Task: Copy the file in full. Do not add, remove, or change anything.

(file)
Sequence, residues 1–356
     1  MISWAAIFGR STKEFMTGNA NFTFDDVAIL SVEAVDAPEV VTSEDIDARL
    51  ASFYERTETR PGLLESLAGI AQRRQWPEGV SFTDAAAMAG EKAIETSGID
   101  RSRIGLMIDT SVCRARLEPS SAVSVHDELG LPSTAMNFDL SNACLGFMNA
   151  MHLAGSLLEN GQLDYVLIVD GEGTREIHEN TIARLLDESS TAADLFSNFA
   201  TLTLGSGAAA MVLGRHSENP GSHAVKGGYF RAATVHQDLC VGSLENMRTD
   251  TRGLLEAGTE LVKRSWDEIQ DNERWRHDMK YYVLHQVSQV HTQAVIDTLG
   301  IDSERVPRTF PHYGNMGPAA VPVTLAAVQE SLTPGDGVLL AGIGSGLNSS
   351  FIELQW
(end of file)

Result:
Sequence, residues 1–356
     1  MISWAAIFGR STKEFMTGNA NFTFDDVAIL SVEAVDAPEV VTSEDIDARL
    51  ASFYERTETR PGLLESLAGI AQRRQWPEGV SFTDAAAMAG EKAIETSGID
   101  RSRIGLMIDT SVCRARLEPS SAVSVHDELG LPSTAMNFDL SNACLGFMNA
   151  MHLAGSLLEN GQLDYVLIVD GEGTREIHEN TIARLLDESS TAADLFSNFA
   201  TLTLGSGAAA MVLGRHSENP GSHAVKGGYF RAATVHQDLC VGSLENMRTD
   251  TRGLLEAGTE LVKRSWDEIQ DNERWRHDMK YYVLHQVSQV HTQAVIDTLG
   301  IDSERVPRTF PHYGNMGPAA VPVTLAAVQE SLTPGDGVLL AGIGSGLNSS
   351  FIELQW